Employment Law Questions? Ask an Employment Lawyer.
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First, let me say that I am terribly sorry to hear that you are in this situation. It is a shame when an employer makes a decision without legitimacy, especially when that decision is quite frankly wrong. However, that does not necessarily mean that the decision is unlawful. Every state but Montana is an at will employment state. This means that your employer is allowed to terminate your employment for any reason that does not violate your civil rights or is in breach of contract. Thus, if you are a union employee, or if you have an employment contract that says you must be fired for cause, then you might have legal recourse against them for terminating you. Additionally, if you believe the reason that you were terminated could be related to a protected category, such as your age (over 40), gender, race, religion, genetic information, pregnancy, national origin, creed, or disability, then the termination would be deemed wrongful and you would have a cause of action.
Absent living in Montana, or one of the reasons I mentioned above, your boss can not only terminate your employment because of a false statement from somebody else, but they can choose to do so, just because of the color of shirt you decide to wear one day.
That being said, if you believe the real reason was because of a protected category, then you would want to file a formal complaint for wrongful termination with the EEOC here:
or hire an employment attorney to best assist you. If you decide to hire an attorney a great resource is www.Martindale.com. This is a nationwide directory that is useful in finding highly qualified legal specialists in various fields of law. The lawyers in Martindale are not selected because they paid to be included, but rather because they have been rated by other attorneys as qualified experts in their field. Consider consulting with two or three different attorneys willing to take your case prior to selecting the one you feel most comfortable with.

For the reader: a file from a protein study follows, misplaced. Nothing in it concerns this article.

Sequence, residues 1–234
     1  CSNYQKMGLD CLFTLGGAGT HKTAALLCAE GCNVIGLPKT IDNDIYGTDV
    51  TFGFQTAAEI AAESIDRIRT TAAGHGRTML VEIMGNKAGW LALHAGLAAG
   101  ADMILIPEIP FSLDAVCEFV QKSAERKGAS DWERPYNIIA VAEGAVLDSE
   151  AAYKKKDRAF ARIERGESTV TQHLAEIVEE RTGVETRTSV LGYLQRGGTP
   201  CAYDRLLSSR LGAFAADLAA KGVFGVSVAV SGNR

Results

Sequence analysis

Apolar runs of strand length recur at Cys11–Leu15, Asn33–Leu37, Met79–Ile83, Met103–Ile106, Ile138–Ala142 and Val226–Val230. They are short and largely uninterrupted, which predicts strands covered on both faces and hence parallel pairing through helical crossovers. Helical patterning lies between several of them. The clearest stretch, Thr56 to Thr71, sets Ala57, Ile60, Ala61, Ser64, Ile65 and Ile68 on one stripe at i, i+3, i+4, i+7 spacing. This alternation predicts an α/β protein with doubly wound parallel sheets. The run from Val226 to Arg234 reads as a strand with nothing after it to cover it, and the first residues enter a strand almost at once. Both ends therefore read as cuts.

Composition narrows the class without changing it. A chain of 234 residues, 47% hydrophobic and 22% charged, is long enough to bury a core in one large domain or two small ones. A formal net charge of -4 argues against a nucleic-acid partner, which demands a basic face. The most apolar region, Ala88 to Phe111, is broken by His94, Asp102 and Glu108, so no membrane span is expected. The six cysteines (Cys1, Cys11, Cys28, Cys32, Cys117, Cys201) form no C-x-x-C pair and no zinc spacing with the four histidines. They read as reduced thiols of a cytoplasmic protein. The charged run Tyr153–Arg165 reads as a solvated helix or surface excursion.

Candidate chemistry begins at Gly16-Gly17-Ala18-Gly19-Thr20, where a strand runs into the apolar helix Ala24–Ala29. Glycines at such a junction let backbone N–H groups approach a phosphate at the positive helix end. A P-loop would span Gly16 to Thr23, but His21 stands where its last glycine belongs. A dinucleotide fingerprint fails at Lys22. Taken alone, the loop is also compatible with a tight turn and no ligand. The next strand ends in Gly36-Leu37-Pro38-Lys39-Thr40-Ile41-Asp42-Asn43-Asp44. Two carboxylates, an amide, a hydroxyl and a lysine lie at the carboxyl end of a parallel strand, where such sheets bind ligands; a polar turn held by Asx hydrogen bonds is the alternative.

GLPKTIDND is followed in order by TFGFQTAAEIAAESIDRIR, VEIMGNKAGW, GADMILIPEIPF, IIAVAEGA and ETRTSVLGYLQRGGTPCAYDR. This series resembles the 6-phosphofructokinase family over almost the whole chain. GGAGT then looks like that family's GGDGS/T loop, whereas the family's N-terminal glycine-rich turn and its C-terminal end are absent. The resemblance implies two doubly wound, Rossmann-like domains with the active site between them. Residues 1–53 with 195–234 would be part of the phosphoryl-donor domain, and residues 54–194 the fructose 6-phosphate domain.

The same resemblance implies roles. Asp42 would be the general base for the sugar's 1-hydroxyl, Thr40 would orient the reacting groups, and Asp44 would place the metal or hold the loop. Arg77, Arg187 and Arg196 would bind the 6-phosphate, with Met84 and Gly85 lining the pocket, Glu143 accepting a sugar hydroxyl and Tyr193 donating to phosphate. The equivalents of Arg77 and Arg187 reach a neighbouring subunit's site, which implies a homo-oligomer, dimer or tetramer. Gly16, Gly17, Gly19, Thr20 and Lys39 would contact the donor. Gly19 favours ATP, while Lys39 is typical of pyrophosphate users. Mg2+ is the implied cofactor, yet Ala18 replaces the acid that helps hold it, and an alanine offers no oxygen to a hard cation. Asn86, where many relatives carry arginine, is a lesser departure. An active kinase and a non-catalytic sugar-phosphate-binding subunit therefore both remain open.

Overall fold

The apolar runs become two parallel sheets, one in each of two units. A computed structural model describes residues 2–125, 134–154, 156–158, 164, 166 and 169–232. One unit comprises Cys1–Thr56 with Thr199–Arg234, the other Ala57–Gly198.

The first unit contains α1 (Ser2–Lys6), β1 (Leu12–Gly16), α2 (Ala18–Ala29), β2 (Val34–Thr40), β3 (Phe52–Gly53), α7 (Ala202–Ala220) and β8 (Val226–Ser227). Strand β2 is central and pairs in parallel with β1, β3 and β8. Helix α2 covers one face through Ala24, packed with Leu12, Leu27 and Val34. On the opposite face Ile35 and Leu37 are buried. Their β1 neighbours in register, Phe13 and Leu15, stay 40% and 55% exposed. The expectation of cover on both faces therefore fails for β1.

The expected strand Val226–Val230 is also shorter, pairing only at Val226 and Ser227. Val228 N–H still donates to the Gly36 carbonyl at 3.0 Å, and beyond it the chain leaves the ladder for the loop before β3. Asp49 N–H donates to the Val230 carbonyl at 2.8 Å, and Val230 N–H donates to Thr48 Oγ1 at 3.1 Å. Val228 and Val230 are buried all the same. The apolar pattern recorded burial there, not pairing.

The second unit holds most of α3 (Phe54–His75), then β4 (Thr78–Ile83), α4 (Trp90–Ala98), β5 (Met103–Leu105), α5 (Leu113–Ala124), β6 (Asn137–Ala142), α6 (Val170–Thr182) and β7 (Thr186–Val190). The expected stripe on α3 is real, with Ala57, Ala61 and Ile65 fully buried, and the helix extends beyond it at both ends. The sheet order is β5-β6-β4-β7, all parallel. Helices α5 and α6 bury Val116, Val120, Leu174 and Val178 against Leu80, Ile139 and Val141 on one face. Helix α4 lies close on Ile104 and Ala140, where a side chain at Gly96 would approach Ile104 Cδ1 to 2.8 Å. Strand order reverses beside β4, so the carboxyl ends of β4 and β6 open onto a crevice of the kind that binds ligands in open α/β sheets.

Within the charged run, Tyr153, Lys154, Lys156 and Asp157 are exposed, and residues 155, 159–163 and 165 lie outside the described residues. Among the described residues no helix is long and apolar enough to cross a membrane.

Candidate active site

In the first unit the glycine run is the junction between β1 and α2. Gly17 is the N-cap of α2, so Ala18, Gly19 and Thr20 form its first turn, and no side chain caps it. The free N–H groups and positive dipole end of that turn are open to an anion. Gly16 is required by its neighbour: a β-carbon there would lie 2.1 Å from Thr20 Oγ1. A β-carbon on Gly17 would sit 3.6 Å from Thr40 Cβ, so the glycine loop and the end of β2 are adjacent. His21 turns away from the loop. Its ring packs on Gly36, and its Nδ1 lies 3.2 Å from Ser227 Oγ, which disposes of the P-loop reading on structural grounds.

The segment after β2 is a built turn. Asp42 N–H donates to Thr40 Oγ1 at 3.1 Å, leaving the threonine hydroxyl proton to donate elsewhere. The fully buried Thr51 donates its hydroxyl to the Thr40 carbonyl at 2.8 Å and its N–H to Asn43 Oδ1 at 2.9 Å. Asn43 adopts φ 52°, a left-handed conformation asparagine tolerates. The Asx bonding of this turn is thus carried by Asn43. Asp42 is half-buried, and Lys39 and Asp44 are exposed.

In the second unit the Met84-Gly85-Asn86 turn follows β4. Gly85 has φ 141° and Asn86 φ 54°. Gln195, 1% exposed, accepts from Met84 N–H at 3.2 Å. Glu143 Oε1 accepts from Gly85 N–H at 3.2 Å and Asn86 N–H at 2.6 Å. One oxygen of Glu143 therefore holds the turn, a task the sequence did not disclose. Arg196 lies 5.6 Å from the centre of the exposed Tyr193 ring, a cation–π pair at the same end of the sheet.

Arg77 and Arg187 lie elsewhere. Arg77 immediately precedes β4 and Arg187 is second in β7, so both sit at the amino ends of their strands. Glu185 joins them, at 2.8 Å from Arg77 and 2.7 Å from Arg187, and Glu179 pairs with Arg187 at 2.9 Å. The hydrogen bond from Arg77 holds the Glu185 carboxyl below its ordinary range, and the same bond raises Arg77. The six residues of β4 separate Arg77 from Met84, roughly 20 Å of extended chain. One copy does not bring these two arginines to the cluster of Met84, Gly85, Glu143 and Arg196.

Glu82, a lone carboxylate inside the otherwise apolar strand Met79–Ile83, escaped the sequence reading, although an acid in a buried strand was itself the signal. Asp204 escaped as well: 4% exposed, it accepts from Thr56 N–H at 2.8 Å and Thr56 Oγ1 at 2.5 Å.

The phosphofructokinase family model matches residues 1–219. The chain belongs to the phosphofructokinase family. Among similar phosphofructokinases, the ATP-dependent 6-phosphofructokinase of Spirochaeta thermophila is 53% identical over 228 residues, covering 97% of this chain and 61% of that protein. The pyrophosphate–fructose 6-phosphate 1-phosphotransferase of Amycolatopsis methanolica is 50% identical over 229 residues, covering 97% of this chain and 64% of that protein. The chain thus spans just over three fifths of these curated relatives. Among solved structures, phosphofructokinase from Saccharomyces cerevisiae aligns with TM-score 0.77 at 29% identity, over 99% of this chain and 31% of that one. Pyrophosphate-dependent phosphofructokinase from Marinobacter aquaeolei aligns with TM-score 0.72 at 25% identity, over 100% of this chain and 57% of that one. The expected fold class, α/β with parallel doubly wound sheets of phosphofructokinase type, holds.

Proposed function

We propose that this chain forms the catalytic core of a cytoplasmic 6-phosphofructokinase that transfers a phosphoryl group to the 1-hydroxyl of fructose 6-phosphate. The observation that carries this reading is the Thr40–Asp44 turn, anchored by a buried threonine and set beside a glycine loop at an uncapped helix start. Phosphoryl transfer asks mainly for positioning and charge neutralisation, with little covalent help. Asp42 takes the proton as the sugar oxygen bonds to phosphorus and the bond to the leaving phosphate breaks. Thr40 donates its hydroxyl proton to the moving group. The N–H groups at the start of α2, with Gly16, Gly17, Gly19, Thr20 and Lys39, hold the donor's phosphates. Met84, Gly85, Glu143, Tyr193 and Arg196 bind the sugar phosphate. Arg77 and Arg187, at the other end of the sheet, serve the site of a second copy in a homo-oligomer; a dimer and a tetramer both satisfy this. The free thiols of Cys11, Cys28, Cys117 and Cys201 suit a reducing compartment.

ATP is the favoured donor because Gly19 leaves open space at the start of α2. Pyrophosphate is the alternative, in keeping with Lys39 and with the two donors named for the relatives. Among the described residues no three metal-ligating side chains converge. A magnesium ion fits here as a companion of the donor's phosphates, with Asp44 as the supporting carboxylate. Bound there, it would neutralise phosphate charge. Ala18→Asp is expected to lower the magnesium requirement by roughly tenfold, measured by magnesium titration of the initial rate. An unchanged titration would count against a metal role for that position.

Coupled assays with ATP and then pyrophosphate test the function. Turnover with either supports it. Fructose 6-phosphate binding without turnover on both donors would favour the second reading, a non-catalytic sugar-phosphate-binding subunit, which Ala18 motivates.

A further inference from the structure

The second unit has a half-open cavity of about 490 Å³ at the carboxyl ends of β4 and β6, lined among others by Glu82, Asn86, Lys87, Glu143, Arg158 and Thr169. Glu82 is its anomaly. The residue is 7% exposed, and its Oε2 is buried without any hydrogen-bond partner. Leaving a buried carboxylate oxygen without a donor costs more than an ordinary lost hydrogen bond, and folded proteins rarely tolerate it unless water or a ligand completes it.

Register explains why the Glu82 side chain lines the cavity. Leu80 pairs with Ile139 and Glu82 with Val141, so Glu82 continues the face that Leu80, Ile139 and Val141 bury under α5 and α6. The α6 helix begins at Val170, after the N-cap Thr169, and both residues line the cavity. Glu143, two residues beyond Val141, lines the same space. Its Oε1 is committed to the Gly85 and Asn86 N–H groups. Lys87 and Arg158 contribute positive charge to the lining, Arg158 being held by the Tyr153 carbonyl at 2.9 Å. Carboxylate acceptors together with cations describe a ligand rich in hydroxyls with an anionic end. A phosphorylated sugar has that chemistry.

Other types of termination, even if wrong, are still legal. As a consequence, the only potential remaining option that you can pursue would be to file for unemployment benefits and claim, quite rightly, that you were terminated "without cause" and seek unemployment benefits.
You would not be able to seek damages, but you would be able to contest the termination as being ultimately invalid.
If you do not believe that you were discriminated against because of a protected category, the best approach here may be to try to set up a meeting with your supervisor and explain in a calm and positive manner that you really like your job, really like working there, and wonder if there is any way that they could allow you to continue your employment there.
I realize that the law is not entirely in your favor here and I am truly sorry to have to deliver bad news. Nonetheless, I trust that you will appreciate an accurate explanation of the law and realize that it would be unprofessional of me and unfair to you to provide you with anything less.
Please do not hesitate to let me know if you have any questions or concerns regarding the above and I will be more than happy to assist you further. If you do not require any further assistance, I would be most grateful if you would remember to provide my service a positive rating, as this is the only way I will receive credit for assisting you.
Have a wonderful rest of your day.
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